Unfortunately, Tectonics no longer has either of these models in their current line-up, but it might be possible to get a custom one made. I'm sure that Dennis Pardon still has the CNC programming on file to make them today. Yet, Tectonics fins are a bit pricey (probably around $225+), but it would be a great investment overall.

If you want, I can take a photo of both the Spitfire and the Mirage fins to give you an idea of what these designs look like. If anything, that would give you the opportunity to compare them with similar fin designs made by other fin manufacturers out there right now.
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joethewindsufa



Joined: 10 Oct 2010
Posts: 1138
Location: Montréal

PostPosted: Wed Jun 28, 2017 6:48 pm    Post subject: Reply with quote

i am a little shorter and heavier than the OP
in 15 knots I can plane on an 80 cm wide board with an 8.x (8.0-8.5) and 48 cm fin
the K1 is 70 cm wide ...
in 12-14 knots I can plane with a JP SLW92 using a 10-oh race sail and 66 cm fin
under 12 knots I use a Mistral Equipe 2 XR longboard with any of the above mentioned sails and shorter fins
.
one day Sailboarder and I were out comparing my longboard to his K1
at that time my longboard was a Fanatic Ultra CAT
we both felt in light winds under 14 knots the longboard did better
when winds started to pick up, we felt the K1 would do better, but were unable to confirm this completely
.
old longboards can be found if one is patient for not a lot of money
maybe for even less than a $300 fin
.
i do have a Shark 52 cm PB fin that I have not tested yet.
imagine you are NOT near Montreal - or I could let you try it - to see ...
have NOT seen longer PB fins than that - may have to go by area ...

here is a discussion that may be of interest:
https://www.seabreeze.com.au/forums/Windsurfing/Review/Planing-in-10-11-knots--What-board--what-sail-?page=3
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d0uglass



Joined: 28 May 2004
Posts: 1275
Location: Bonita Springs, Florida

PostPosted: Thu Jun 29, 2017 10:08 am    Post subject: Reply with quote

Kalani- It sounds like you've pretty much maxed out what your board and sail will do.

You can put a 50 cm powerbox fin in the Kona and get a slight advantage over the 46 cm stock fin, but it will be a pretty minor difference. Probably won't lower your planing threshold, but could help a little bit with staying upwind once planing.

Even if you could find a powerbox fin >50 cm, the Kona is too narrow to benefit from such a fin. The vertical fin and the horizontal planing surface of the board's tail work together, leveraging against each other, so the length of the fin really shouldn't exceed the width of the board under the finbox. That is why only super wide formula boards work with super long formula fins. When I had a Kona ONE I tried it with a 9.8 sail and 54 cm fin, but that was an awkward and crappy combo.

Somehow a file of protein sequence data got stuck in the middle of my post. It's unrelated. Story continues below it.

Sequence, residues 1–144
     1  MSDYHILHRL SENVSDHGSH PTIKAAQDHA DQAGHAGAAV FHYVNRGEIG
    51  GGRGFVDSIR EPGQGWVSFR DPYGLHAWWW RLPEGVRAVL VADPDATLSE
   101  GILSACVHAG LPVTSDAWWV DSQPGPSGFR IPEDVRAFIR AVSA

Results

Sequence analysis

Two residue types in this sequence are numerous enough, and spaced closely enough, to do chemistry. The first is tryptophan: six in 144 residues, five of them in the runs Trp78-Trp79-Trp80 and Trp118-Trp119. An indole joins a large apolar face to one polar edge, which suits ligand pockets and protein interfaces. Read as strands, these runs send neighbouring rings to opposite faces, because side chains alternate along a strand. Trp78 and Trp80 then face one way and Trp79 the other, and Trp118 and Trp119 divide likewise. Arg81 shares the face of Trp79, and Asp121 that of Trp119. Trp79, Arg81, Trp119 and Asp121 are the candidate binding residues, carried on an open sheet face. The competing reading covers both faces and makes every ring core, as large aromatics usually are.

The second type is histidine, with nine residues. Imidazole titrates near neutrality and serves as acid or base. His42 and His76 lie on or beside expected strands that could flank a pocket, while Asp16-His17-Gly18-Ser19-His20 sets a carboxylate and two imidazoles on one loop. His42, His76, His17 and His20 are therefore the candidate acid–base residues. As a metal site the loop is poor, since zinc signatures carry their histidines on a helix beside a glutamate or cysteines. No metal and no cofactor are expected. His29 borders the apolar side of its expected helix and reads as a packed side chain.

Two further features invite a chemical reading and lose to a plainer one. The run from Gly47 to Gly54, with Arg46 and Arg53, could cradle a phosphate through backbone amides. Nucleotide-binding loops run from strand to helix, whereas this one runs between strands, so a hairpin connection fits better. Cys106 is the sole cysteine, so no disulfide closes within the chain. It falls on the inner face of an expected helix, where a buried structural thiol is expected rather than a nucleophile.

To summarize- Cheap way to get slightly better light wind performance from the Kona ONE is to put a 50 cm fin in it, but not bigger than that. If you want to significantly lower your planing threshold you'll need a wide, lightweight board like a formula board... but then you'll probably be tempted into using 11.0+ cambered sails, which are expensive and a pain in the ass to rig and stuff. If you like fiddling with gear it's worth it, if not, it's not.

_________________
James' Blog: Windsurfing Equipment Size Calculator
http://jimbodouglass.blogspot.com/2010/11/updated-windsurf-calculator-online.html
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DelCarpenter



Joined: 06 Nov 2008
Posts: 489
Location: Cedar Falls, IA

PostPosted: Thu Jun 29, 2017 2:58 pm    Post subject: Reply with quote

kalaniwavo, this sentence from you raises questions: "I've been at the beach the past few evenings and the seabreeze has been right at that 12-14mph range... and kind of bugging me and itching to get out."

I hope that sentence doesn't mean the conditions at your spot prevent you from enjoying sub-planing sailing in 12-14 mph. If it does, then what is needed is a return to the joy in movement that got you into windsurfing. One of the success builders in long relationships is the ability to remember and return to early sources of joy. Remember and return to the gentle caress of a partner or of a windsurfer on the water and enjoy.

And while you are enjoying that moment of joy, it might turn into something better and you'll get to plane because you went out on the water.